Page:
The Tennessee Titans are in a difficult position. They paid running back Chris Johnson quite handsomely prior to last season. After a lengthy holdout, Johnson struggled mightily to resemble the player who ran for over 2,000 yards in the 2009 season. While many were hoping that was a result of his time missed, the Titans are looking for reasons why Johnson is averaging just 1.4 yards per carry in 2012.
Through three games in 2012, Johnson has 33 carries for just 45 yards. He is averaging 11 carries per game for 1.4 yards per rush. Simply put, there are fat kickers and punters who have better averages than Johnson does with the Titans.
The fact is that opposing defenses no longer respect Johnson’s rushing abilities. They no longer fear him as an explosive offensive weapon for Tennessee. Teams are not stacking the box to stop Johnson and daring Jake Locker to beat them. In fact, it is more the opposite. Teams are trying to slow down Locker and almost daring the Titans to run the ball.
Last week was Johnson’s best game of the 2012 NFL season. he had a season high 14 carries and turned them into a season high 24 yards gained. That is not exactly what the Titans were expecting when they gave him that huge contract over a year ago.
If they wanted that type of production, they could just use a backfield committee of Jamie Harper and Darius Reynaud. Combined, the two are averaging 1.2 yards per carry. That is similar to Johnson, only they are making a fraction of what the Titans are paying their supposed lead back.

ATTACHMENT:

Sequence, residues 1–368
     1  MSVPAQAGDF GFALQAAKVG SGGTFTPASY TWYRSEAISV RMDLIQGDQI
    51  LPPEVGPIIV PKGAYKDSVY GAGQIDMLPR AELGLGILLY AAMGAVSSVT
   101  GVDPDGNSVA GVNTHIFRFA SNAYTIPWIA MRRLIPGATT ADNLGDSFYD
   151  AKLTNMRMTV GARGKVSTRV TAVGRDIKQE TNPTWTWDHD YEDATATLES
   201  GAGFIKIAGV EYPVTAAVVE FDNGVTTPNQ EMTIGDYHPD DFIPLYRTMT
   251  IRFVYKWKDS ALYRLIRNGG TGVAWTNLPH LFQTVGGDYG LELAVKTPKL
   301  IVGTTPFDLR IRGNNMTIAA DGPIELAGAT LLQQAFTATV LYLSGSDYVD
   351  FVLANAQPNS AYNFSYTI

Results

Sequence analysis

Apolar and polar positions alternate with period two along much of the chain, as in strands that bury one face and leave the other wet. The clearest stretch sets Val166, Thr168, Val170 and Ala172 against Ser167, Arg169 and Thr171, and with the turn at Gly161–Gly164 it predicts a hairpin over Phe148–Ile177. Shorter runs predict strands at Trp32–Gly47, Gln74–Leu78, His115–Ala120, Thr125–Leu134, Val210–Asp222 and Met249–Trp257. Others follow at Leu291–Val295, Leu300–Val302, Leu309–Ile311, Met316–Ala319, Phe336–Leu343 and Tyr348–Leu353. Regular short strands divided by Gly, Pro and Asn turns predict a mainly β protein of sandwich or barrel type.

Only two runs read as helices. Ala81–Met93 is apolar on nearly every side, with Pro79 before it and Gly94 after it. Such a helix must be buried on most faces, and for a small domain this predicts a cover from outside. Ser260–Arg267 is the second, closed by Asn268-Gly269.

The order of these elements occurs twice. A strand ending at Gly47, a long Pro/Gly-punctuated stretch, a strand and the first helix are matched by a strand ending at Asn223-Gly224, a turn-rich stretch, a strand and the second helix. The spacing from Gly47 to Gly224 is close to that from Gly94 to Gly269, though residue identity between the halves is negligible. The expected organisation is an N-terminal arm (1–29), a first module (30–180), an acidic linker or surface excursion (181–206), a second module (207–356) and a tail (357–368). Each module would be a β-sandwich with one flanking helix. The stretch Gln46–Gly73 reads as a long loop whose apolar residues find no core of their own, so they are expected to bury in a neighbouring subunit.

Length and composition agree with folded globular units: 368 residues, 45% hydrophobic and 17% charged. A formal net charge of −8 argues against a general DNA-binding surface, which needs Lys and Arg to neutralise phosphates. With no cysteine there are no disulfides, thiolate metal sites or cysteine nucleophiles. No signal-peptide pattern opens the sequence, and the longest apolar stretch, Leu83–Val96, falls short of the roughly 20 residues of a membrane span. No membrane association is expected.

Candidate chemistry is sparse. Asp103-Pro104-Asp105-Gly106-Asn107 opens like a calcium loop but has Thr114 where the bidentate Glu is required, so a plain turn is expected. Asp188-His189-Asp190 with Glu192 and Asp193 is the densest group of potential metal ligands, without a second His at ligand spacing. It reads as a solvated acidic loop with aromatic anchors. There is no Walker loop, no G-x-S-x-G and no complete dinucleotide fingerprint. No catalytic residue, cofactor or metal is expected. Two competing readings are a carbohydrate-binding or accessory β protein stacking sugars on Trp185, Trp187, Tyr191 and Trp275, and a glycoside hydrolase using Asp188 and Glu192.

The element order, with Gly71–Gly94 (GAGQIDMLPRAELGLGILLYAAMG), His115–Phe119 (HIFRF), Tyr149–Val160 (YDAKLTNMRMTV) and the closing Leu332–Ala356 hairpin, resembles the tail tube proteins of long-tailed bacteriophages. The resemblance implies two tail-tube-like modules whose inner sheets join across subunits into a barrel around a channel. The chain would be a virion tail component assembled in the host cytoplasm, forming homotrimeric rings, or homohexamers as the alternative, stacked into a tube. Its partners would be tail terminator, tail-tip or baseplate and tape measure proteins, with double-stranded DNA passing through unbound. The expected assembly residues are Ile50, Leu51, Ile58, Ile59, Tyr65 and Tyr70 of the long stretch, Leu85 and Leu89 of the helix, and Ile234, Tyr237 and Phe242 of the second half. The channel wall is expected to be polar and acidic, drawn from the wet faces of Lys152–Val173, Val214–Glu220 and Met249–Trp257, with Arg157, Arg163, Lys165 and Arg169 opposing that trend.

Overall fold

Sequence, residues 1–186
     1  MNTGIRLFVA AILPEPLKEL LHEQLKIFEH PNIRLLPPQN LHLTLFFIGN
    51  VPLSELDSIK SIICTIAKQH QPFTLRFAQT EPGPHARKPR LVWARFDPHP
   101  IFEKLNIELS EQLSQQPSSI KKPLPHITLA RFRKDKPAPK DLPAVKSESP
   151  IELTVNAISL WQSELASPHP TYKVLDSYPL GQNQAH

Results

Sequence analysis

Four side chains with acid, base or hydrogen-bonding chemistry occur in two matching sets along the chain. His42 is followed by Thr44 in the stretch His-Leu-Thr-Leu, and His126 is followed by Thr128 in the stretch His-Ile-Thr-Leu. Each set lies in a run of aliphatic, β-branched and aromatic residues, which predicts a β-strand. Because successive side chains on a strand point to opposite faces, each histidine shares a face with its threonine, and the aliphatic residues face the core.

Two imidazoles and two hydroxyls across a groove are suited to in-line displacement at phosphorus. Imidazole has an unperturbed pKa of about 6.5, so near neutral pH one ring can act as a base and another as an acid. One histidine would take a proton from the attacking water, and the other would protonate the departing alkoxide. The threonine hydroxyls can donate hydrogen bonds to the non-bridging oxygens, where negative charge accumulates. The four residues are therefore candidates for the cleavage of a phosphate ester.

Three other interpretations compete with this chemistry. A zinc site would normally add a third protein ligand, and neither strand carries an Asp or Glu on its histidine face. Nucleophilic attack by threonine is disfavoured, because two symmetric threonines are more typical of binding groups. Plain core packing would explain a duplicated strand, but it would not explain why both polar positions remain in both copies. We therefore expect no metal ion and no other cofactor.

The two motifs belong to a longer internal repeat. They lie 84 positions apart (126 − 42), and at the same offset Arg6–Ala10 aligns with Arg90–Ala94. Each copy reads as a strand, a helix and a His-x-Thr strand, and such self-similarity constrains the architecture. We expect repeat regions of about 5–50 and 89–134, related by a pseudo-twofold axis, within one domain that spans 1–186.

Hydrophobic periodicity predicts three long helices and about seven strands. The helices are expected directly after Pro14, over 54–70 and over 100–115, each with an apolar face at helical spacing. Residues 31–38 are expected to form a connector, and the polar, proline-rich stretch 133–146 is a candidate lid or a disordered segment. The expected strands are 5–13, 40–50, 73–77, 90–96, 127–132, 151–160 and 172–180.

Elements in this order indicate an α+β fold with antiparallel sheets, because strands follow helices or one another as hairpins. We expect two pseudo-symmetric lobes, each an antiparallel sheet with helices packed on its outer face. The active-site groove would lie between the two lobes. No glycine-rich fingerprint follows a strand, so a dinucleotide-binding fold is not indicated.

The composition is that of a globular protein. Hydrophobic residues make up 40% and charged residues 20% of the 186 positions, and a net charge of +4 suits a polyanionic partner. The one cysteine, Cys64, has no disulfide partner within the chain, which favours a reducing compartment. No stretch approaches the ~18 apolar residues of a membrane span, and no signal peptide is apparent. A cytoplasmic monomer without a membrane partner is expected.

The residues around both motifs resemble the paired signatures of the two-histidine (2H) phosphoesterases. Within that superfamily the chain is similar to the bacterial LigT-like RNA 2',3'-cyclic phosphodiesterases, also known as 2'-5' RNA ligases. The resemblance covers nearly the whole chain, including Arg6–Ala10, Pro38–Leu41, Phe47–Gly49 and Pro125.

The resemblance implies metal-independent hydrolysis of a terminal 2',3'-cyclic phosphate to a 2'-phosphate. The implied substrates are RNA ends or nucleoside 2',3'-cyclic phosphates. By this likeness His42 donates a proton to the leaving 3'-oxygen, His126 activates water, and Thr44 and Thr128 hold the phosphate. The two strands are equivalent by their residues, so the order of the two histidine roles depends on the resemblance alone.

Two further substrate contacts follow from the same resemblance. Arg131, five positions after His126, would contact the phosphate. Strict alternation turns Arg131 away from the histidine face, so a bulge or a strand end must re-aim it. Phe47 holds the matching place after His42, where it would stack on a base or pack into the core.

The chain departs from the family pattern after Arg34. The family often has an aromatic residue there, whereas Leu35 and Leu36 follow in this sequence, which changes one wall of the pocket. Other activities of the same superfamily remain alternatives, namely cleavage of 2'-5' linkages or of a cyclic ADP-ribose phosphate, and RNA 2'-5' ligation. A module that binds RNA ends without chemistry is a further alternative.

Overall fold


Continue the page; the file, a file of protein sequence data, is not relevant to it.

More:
Also entering the mix for carries starting this week against the Houston Texans could be Javon Ringer, who is expected to make his 2012 season debut. In past clean up duty for Johnson and Tennessee, Ringer has performed admirably. But while his rushing attempts have gone up in each of his three seasons, Ringer’s yards per carry numbers have gone down each year since his rookie season, dropping from 6.0 all the way down to just 3.1 in 2011.
I don’t want to agree with Johnson on anything, but maybe he does have a point about the offensive line regressing and not opening up holes for the running backs like they did a couple of seasons ago. The numbers of the other backs on the roster would certainly legitimize Johnson’s claims.
Either way, regardless of who the Titans go with in the ground game, this is quickly becoming a passing team. This is becoming Locker’s team.
Johnson may be soon looking for a new team if this continues.